Securing just five areas of your business online will make you more than 98% less likely to be the victim of cybercrime, lose data or have your systems hacked. Make sure your business has all the Cyber Security measures in place to prevent an attack…
Passwords are the easiest way for criminals to gain access to your online accounts, due to ever-increasing complexity requirements on systems and websites, it’s often easier to use the same password in multiple places often with a common word that is easy to guess.
If you use the same (or similar) passwords across multiple systems and websites or base your password on information about you such as the names of your children, pets or spouse, you should start using a password manager (Check your IT Security policy first). Managers such as LastPass – https://lastpass.com will allow you to have secure, unique passwords on every website.
If your IT Security policy doesn’t allow online password managers, KeePass – https://keepass.info is a secure, offline password database, you will need to make sure you back this up safely and securely.
An area that is often overlooked is the password reset questions, default questions such as “What is your mother’s maiden name?” or “What is the name of your pet?” are extremely easy to find out with a small amount of research on social media. Make sure your password reset questions are based on information that isn’t available online or to anyone that knows you, make up fake answers that are different for each site and store them in your password manager.
Two-factor (or multi-factor) authentication (2FA/MFA) is used when you log on to an online service, after you’ve typed your password in, the website will require another form of authentication such as a code sent to your phone via SMS. You should enable this on all your online accounts.
Apps such as ‘Microsoft Authenticator’ and ‘Google Authenticator’ make this process even simpler by providing a simple “accept login” button on your phone when you log in to a website or service.
A ‘phishing’ email is an email that tricks you into giving away details such as your username or password – 91% of successful data breaches started with a phishing email.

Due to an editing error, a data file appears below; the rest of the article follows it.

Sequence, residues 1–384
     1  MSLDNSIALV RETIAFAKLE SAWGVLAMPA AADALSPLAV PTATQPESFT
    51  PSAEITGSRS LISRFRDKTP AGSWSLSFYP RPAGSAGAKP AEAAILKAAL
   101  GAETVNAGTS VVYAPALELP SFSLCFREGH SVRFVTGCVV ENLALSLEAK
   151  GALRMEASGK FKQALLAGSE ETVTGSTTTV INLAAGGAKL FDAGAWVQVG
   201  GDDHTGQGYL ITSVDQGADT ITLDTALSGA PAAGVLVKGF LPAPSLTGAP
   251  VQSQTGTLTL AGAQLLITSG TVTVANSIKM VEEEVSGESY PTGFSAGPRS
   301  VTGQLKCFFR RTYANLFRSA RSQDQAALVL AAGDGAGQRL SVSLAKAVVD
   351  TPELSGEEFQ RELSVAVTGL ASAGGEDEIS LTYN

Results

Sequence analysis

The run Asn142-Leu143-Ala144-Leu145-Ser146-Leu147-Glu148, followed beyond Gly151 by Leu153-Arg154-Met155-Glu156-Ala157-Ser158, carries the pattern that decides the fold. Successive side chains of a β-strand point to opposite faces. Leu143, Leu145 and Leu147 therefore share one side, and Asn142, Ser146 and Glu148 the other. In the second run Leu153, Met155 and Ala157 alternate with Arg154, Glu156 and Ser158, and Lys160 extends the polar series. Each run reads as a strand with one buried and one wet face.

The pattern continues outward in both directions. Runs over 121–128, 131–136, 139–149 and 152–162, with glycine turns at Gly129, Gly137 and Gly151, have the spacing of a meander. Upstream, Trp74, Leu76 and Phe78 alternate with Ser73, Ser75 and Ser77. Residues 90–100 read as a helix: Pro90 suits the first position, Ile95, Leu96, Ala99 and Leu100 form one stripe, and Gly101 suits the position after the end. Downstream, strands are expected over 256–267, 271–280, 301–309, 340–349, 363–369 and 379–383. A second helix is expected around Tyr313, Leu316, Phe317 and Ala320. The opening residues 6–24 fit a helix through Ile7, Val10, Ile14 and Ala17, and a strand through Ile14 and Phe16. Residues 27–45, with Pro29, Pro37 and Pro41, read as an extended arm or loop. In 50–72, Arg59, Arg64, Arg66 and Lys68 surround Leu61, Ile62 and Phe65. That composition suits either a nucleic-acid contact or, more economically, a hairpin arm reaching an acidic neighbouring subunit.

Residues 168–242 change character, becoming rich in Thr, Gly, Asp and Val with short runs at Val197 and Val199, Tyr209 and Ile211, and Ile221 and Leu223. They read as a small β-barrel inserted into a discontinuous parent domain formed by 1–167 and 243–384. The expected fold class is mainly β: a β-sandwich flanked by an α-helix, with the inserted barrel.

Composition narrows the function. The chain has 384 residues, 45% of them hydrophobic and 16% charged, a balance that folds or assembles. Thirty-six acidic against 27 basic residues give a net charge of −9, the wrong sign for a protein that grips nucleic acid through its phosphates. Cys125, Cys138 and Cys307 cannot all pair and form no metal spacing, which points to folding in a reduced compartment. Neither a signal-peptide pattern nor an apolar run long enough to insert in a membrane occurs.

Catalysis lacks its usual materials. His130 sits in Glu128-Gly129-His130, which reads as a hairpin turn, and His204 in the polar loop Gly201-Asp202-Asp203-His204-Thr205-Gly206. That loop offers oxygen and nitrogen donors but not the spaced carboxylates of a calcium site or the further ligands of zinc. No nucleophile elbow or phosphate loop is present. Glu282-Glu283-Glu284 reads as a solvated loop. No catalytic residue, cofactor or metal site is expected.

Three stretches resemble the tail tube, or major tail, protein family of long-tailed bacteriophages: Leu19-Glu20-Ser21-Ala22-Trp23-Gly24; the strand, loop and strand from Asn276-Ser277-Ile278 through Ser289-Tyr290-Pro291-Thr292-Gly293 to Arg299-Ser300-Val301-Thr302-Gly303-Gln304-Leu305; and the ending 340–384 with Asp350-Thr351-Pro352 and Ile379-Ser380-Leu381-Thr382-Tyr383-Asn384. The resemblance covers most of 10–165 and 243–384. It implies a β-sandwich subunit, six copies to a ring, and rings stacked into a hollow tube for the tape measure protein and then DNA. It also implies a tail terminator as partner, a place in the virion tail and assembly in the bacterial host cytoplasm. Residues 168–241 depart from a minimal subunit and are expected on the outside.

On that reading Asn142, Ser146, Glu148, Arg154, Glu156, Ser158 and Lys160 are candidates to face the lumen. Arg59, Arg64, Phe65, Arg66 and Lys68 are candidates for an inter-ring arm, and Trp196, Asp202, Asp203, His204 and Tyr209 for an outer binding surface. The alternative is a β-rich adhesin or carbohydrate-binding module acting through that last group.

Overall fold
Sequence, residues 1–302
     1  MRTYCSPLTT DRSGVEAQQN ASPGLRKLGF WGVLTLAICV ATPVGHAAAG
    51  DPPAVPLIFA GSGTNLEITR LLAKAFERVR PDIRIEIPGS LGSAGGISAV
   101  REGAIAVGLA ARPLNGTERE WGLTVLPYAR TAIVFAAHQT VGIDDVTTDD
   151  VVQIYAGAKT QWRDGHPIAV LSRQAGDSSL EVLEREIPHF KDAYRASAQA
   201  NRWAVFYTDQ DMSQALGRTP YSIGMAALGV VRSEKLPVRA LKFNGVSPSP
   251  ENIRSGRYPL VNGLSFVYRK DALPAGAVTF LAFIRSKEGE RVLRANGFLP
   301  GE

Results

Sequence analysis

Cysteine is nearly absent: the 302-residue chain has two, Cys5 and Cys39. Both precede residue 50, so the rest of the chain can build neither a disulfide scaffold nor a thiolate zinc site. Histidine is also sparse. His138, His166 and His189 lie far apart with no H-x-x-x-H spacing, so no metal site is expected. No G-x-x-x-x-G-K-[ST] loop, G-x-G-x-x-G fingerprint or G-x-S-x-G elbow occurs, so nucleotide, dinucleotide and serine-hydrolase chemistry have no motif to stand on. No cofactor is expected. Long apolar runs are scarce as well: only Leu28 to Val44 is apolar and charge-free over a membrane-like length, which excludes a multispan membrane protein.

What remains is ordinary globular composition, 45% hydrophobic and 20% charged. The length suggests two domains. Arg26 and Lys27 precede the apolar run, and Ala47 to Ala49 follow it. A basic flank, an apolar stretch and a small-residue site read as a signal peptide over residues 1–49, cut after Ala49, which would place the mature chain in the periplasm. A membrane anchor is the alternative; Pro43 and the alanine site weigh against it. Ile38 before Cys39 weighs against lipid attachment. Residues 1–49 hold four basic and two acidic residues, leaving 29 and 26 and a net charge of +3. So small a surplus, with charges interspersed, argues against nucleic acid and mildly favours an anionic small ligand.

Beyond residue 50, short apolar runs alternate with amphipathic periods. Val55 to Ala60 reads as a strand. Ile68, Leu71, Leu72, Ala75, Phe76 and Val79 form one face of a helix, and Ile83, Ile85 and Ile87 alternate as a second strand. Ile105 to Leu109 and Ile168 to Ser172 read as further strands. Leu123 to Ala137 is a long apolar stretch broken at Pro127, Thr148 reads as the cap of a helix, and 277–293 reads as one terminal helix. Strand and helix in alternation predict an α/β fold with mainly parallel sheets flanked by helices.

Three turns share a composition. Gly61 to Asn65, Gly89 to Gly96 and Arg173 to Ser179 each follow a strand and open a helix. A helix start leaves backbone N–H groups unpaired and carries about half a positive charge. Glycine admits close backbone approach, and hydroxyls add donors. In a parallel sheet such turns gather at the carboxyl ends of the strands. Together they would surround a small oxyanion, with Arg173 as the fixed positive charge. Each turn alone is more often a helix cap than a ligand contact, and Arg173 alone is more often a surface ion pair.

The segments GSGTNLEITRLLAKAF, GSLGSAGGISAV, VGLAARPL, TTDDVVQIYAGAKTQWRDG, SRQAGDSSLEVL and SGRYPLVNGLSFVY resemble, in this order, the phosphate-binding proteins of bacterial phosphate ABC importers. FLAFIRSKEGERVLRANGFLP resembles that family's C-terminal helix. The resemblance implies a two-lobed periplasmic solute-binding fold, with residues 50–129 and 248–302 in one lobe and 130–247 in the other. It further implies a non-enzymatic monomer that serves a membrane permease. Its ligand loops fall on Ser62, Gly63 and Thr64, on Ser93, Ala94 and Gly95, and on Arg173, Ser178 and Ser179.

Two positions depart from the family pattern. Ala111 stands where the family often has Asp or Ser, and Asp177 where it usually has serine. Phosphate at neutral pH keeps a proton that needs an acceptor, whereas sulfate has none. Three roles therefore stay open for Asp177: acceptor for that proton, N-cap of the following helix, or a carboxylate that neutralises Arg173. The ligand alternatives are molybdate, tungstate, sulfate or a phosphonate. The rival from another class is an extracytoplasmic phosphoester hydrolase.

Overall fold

Be aware of any email that asks you to perform an urgent action with consequences: “click here now or lose access to your account” is a good example of this.
Ransomware is the biggest cyber threat facing businesses today, damage of around $5bn was done this year alone. Most of this damage was avoidable if computer systems were updated to the latest version, always install updates on your system as soon as they are available.
Bugs found in applications and websites are often exploited to gain access without the need for a login, installing the latest updates for your software and applications is a great idea. Updating your website and all plugins to the latest version is essential.
Following the steps above will make you much less likely to be hacked or lose data but there are unfortunately no 100% guarantees, having a good backup system you can rely on is essential.
Don’t rely on Dropbox/OneDrive for backup, these services are connected to your laptop, and so can be encrypted with Ransomware too. Make sure your backups are stored offline and are not directly accessible
• Make your passwords long, complex and unique – use a password manager
• Enable 2FA for all online services that support it
• Beware of attachments, links or any email that asks you to perform an urgent action
• Update your applications, computer (Macs too!) and your website
• Backup, backup, backup – test regularly and have the backup offline
For more details about how you can keep your business secure, checkout our Cyber Security page here and get in contact today 03300 88 33 10
Please checkout our handy infographic below – and print and share around